The fight over the proposed buyout of a huge, Maryland-based coal mining company is interesting for its own sake. Wall Street egos, including a hedge-fund manager and would-be buyer of the Pittsburgh Steelers, are battling over control of the country's fourth-biggest coal producer.

But the contest for Linthicum Heights-based Foundation Coal, which comes to a vote Friday, sheds light beyond Wall Street and the job of extracting soft black rocks from the Appalachian ground.

It's no less than a referendum on the future of energy, the environment and the American economy. One side is bullish on China and Brazil, and seems to fear that this country is in for a long, slow slog. The other is so confident that the United States will recover, and that coal is the fuel of the future, that it's willing to pay Foundation shareholders a very handsome price.

If the United States is "the Saudi Arabia of coal," as is often said, then Foundation could be Chevron, or Shell. With 1.7 billion tons of coal in its seams, the company could power Maryland's coal-burning electricity generators for more than a century. The question is whether anybody in Maryland or anywhere else will want the stuff.

Progress is catching up with coal. It spews too much junk into the air, although thanks to environmental rules, it's not as dirty as it used to be. Coal makes more greenhouse gas than other energy sources. If Congress attaches a price to carbon dioxide emissions through taxes or a cap-and-trade program, coal might not be the bargain it seems now.

The more immediate issue is when the U.S. economy will recover enough to need more coal at any price.

Electricity generation, the main use for coal, has plunged as factories and offices have gone dark. Coal consumption in the first quarter hit its lowest point since 2002, says the Energy Information Administration. Coal stockpiles have reached their highest level in more than two decades. A ton of the stuff costs less than a third of what it did a year ago.

Don't worry, says Alpha Natural Resources, a rival of Foundation's based in Abingdon, Va. It wants to buy Foundation for about $1.5 billion, an offer that has helped double Foundation's stock price since March.

Because of the kind of coal it sells, more than half of Alpha's orders last year went to Brazil and other international destinations. By absorbing Foundation, whose business is mostly domestic, Alpha becomes much more dependent on U.S. economic growth.

Alpha boss Michael Quillen trumpeted the "diversity across geographies" that the deal gives his company. (He said that in a news release. Observing the usual "quiet period" before a merger vote, neither Alpha nor any of the other primary parties returned my calls.)

Geographical diversity is not what Alpha's biggest shareholder, Duquesne Capital, wants. Not if it includes the United States.

Duquesne thinks the deal "is against the long-term interests" of Alpha shareholders and sees "no upsides that can mitigate the loss of value."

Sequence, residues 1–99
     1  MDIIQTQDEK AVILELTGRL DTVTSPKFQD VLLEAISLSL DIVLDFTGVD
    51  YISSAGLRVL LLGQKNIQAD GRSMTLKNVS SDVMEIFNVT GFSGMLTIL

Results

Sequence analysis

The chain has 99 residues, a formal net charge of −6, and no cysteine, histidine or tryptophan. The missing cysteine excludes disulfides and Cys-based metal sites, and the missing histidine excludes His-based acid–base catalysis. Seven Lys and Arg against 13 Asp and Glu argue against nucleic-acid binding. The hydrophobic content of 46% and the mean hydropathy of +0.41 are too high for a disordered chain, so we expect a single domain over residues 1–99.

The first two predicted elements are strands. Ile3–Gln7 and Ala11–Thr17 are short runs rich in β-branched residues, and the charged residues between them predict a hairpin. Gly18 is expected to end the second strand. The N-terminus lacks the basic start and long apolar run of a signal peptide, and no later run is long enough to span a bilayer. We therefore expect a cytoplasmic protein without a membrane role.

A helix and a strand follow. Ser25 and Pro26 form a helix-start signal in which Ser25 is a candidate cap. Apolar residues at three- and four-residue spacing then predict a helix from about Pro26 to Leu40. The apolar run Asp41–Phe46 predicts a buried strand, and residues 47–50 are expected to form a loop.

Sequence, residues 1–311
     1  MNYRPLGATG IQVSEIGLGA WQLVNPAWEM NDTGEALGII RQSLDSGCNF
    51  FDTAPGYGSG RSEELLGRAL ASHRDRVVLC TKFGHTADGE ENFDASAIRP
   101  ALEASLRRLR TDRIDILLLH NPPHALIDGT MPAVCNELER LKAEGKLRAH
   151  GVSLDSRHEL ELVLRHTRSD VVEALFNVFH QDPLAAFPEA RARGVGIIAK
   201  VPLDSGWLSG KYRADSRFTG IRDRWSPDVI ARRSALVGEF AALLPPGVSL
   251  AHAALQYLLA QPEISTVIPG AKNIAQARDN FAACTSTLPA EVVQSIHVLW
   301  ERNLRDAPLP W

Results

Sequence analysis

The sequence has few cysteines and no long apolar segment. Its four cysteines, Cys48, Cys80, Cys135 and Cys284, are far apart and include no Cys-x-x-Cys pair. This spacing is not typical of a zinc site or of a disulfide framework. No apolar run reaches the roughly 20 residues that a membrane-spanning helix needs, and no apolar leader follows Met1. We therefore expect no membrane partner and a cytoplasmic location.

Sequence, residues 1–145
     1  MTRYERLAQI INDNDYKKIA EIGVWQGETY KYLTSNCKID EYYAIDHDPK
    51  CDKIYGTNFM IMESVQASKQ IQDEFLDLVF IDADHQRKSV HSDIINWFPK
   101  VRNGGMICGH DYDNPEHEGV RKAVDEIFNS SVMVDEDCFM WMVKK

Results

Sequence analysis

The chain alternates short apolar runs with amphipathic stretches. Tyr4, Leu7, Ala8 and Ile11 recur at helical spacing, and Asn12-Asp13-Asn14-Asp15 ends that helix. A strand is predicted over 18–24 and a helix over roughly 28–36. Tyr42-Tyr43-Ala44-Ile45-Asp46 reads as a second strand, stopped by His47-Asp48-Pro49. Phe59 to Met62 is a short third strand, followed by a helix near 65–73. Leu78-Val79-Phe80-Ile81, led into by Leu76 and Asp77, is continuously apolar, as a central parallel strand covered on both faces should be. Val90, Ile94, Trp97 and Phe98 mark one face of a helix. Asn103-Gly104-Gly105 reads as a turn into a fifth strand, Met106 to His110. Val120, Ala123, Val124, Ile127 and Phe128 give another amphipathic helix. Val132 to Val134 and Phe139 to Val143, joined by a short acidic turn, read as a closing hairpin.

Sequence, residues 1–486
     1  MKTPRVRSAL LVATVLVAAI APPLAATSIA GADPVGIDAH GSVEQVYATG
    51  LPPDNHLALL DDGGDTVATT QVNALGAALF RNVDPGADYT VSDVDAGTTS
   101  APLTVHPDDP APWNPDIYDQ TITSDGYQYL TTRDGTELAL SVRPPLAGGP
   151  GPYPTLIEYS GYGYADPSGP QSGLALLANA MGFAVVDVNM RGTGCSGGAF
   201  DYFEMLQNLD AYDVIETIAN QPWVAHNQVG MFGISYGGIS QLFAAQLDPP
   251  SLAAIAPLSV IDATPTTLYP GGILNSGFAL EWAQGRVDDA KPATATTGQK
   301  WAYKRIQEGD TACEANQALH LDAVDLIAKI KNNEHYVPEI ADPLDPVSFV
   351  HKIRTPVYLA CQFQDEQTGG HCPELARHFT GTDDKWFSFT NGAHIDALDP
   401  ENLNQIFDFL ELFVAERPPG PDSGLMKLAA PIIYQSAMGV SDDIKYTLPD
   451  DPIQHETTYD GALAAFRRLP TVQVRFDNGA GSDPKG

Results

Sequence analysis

Billionaire Duquesne boss Stanley Druckenmiller learned his chops from famed currency trader George Soros and now runs his own Pittsburgh-based hedge fund. Last year, Druckenmiller flirted with buying an interest in the Steelers. Holding about 8 percent of Alpha's shares as well as investors' respect, he's making Friday's vote tough for Alpha's management.

He wants Alpha to stick with its strength of selling coal used in steelmaking - coking coal - to emerging economies as well as U.S. customers. Steel coal commands higher prices than regular coal, and customers such as Brazil, Russia and China are rapidly adding steel plants as well as coal-burning generators.

In the United States, by contrast, the economy is punk, environmental regulations will hurt coal's viability and newly available fields of natural gas will provide an economical competitor, Duquesne and Druckenmiller argue.

So there are two visions. In Alpha's, the United States quickly recovers from its crash, penalties for carbon pollution are small or nonexistent, coal remains the generation king and this country probably keeps increasing CO2 emissions.

"Coal has been the backbone of the U.S. power grid for 90 years," says Paul Forward, who follows Foundation and Alpha for Stifel Nicolaus in Baltimore. "We have an installed fleet of coal power plants that will take a very long time to replace under any scenarios in a shift toward lower-carbon types of power generation."

Under Druckenmiller's bet, the American economy struggles for a long time, and environmental rules and energy conservation render generator coal increasingly uncompetitive. Meanwhile Brazil, India and China speed ahead.

Some blend of the two outcomes seems most likely. Coal-fired electricity will be around a long time, but it looks as if environment taxes will make it more expensive. Tepid U.S. growth will probably keep a lid on coal prices for years.

But I'm not the one who's voting.

Foundation and Alpha would become the third-biggest U.S. coal producer if they marry, an energy giant with $4 billion in annual sales, mines in Pennsylvania, West Virginia, Kentucky and Wyoming, and a big stake in the American economy.

On Friday, their shareholders will decide whether that kind of business makes sense anymore.

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